A New Year Begins At Imbolc

A New Year Begins At Imbolc

Happy New Year!

You might think I am late but it depends when you decide a new year starts. The Celts started their new year at Samhain (our Halloween). The Romans chose their Saturnalia celebrations to mark one sort of new year. We’ve also recently celebrated Chinese new year (year of the black water rabbit, in case you weren’t sure) and now we have just celebrated Imbolc, Candlemas and St Bridget’s Day, all of which herald new beginnings. I stepped into the garden on the 1st of Feb to hear a wren trilling his heart out and to find a clump of snowdrops at the end of the garden under some of the apple trees. There’s been sweet violets blooming shyly in the front garden for at least a couple of months, sheltered from the cold in a raised bed overshadowed by taller, denser plants. Winter is receding but knowing the British climate, we’ll have snow later this month. But the light is returning, several minutes every day and the bird song has changed from contact calls (“Are you there? Did you survive? Hey, I survived too!”) to the first of the spring songs.

I did some clearing of old files a few days ago, mostly to keep myself from thinking about the insoluble problems my country faces right now. There’s a big bag of paper to be disposed of securely; old bank statements, medical letters and the like. But among the paperwork I found a printed-out email from my friend Dr Jean Raffa, from Feb 2012, about a dream I’d had. It reminded me first how long I have been working on my inner life, and especially concentrating on dreams, and at first it made me feel disappointed in myself that I seem to have made so little progress. I have had now over ten years of almost unremitting depression. Deep, deep depression that might lift a tiny bit for a week or two, only to be plunged back in, either by outside circumstances or by absolutely nothing. That feeling of sliding inexorably into the black pit is possibly one of the worst feelings possible. In this time I’ve dealt with major illnesses, surgery, serious bereavements and the chaos that follows in their wake, and the acquisition of a handful of chronic conditions that all include constant pain, low mood and little hope, plus the diagnosis of being autistic (which has taken time to process – it really makes sense of so many other things). With all that is the grind of ordinary life – cooking, cleaning, shopping, rinse and repeat. I have been so tired it sometimes feels like I need to rest constantly yet at least one of my chronic conditions is worsened by inactivity. I’ve walked this tightrope between too much and too little, and I have fallen off repeatedly.

I said that at first it made me disappointed in my lack of progress in this essential soul work, but over the following few days, I found I felt more proud that I have persisted. I have a brooch my dear friend Gill gave me, that says, “Still I rise,” and I wear it often, usually without realising its truth that is embedded in my every day. I have persisted. I am still here, I still get up in the mornings and face the day. Sure, I sometimes go back to bed later but that’s understandable. I show up.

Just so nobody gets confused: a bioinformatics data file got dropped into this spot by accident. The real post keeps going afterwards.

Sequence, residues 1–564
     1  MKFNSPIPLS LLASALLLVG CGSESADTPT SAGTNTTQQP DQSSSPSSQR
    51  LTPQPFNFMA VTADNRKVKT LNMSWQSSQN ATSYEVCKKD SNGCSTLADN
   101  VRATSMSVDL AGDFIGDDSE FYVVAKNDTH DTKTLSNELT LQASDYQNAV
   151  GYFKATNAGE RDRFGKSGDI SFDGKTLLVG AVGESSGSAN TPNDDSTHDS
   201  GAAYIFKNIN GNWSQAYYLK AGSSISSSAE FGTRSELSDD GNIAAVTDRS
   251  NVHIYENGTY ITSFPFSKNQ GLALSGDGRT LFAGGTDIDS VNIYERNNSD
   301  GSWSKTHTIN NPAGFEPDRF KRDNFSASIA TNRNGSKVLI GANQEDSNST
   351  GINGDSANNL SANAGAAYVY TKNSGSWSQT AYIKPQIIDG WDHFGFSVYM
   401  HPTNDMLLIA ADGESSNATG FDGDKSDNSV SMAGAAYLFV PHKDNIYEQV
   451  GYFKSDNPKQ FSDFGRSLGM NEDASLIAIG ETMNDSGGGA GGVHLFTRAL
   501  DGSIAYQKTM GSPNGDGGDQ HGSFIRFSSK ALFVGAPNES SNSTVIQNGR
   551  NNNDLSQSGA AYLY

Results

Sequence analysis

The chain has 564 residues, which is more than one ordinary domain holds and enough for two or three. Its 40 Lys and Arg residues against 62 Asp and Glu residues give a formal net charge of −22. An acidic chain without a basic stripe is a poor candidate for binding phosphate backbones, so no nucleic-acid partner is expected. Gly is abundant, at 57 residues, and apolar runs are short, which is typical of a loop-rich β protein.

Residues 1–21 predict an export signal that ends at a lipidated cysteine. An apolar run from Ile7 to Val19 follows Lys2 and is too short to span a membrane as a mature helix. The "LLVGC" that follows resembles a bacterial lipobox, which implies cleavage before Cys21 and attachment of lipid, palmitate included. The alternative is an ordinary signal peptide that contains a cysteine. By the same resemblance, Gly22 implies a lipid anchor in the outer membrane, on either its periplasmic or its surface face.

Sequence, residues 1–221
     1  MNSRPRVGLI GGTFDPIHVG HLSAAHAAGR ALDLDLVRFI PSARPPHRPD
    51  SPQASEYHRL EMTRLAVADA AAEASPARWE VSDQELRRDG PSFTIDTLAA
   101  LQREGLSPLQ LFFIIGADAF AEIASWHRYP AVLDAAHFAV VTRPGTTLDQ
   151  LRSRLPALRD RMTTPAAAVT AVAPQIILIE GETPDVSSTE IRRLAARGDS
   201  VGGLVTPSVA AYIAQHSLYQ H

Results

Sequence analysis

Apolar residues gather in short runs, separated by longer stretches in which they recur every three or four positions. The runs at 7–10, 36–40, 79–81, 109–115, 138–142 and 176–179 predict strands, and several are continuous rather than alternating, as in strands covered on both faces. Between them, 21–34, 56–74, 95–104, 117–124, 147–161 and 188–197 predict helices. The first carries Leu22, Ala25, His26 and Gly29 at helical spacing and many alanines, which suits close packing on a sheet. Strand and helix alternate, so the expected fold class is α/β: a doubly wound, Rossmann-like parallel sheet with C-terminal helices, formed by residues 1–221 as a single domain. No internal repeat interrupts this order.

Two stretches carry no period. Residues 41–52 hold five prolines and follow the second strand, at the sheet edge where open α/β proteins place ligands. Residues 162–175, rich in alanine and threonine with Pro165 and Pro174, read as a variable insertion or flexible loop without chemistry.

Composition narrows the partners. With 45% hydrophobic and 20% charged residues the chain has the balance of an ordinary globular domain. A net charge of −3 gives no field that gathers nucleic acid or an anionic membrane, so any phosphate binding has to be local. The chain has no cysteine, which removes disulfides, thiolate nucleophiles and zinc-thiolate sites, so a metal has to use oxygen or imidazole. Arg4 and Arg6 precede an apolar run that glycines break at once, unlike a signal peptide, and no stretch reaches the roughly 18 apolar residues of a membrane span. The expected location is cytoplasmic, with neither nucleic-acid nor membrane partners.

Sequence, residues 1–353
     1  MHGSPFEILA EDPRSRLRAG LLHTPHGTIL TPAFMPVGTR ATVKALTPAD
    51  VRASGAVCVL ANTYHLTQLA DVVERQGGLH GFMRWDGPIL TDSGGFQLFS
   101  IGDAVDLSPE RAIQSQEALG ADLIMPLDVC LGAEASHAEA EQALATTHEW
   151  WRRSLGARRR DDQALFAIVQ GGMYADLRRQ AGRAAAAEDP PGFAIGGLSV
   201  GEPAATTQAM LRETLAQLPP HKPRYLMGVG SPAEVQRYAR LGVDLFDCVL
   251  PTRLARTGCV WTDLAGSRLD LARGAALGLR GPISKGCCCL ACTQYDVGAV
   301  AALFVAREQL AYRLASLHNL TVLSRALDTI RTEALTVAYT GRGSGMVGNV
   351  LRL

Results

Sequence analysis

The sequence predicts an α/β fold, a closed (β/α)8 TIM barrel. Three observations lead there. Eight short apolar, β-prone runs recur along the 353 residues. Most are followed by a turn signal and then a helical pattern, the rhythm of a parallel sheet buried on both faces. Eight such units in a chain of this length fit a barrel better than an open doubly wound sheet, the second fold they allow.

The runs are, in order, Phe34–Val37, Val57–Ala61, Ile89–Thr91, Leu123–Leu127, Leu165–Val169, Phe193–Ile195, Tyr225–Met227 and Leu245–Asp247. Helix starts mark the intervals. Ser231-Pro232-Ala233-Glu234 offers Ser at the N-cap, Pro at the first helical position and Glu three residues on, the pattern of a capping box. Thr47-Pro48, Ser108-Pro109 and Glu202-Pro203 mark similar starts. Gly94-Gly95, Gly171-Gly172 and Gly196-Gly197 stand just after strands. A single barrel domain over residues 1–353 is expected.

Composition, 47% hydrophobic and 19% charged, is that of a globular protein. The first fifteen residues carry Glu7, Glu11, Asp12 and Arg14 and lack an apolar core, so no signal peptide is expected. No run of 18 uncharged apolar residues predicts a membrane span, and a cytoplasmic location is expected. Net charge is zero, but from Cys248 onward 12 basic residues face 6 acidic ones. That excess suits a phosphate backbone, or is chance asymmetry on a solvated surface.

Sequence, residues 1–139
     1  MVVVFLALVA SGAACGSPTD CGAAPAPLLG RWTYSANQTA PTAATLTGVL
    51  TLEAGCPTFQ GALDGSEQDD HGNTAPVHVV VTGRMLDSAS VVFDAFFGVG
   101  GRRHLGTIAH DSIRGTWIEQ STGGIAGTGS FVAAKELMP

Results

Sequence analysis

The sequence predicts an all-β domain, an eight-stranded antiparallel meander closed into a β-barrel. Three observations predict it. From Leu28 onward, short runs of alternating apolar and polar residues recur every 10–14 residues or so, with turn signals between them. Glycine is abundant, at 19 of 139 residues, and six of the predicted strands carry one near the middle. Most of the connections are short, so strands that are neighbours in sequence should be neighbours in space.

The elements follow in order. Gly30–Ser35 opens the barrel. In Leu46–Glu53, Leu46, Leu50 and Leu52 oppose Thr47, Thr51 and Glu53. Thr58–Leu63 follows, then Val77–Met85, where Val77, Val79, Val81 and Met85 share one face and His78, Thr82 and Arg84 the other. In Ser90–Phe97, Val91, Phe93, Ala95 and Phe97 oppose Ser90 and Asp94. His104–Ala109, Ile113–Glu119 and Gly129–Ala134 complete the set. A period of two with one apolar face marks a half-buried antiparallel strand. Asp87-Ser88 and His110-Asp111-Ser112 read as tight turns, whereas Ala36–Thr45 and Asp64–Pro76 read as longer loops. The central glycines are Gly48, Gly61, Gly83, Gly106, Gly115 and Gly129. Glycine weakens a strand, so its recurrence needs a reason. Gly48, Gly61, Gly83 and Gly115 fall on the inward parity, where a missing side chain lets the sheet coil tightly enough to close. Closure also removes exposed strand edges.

About twenty years ago, my husband went for an interview to be minister to some villages somewhere south of us. One of the factors that had interested us was the place had a holy well, a wellspring that had healing powers recorded for many hundreds of years. We both felt that renewing the connection between that spring and the church was something that we felt was important. But the job wasn’t right and that was that; we went somewhere else entirely. I kept that spring in my heart, tucked away in a quiet corner, wishing that it might one day be recognised and rejoiced in by more than occasional pilgrims, and for the connection between earth-based spirituality and the core of Christianity to be renewed in that place. The other day, in one of those random coincidences, I saw a series of photos from the village with the spring that gave me a real lift: the local ministers holding a beautiful service for Candlemas, including mentions of St Bridget, at the spring. Lots of smiling people in the sunshine, participating in a gentle rite that connected them with both the past and the present, rejoicing in the clear bright sparkling water. The things that are meant to happen (I hate that phrase) find their way. Life, uh, finds a way. We’d tapped into something deep and old in our resonance with that spring, but it wasn’t us who did it. But it’s happening and while it’s twenty years later, I must believe that it is in its own right time.

I must believe that my own soul work is in its own right time, that I am not slow or pathetic or stupid for being stuck working at what sometimes feels like the same old same old for more than a decade. About 18 months ago, I began to receive help on this journey (not something I want to explain further) and sometimes it has felt as if I am walking through that dark wood of Dante’s, but sometimes I get glimmers of hope that something, something very different to what I might have expected, is taking shape. The last few days it has felt like there is more happening, as if the first gleams of light at sunrise are turning the grey garden to brighter colours. I didn’t want to let my long silence here go on without writing something; I have felt often so lonely, so excluded from the vibrant conversations I sometimes witness my online friends participating in, because I have not had the energy to respond, to comment or to reach out to the many friends I have here in this non-physical sphere. Friends who have new books out, new projects, exciting discussions; I feel some mild guilt I have not been able to support them better or indeed, at all.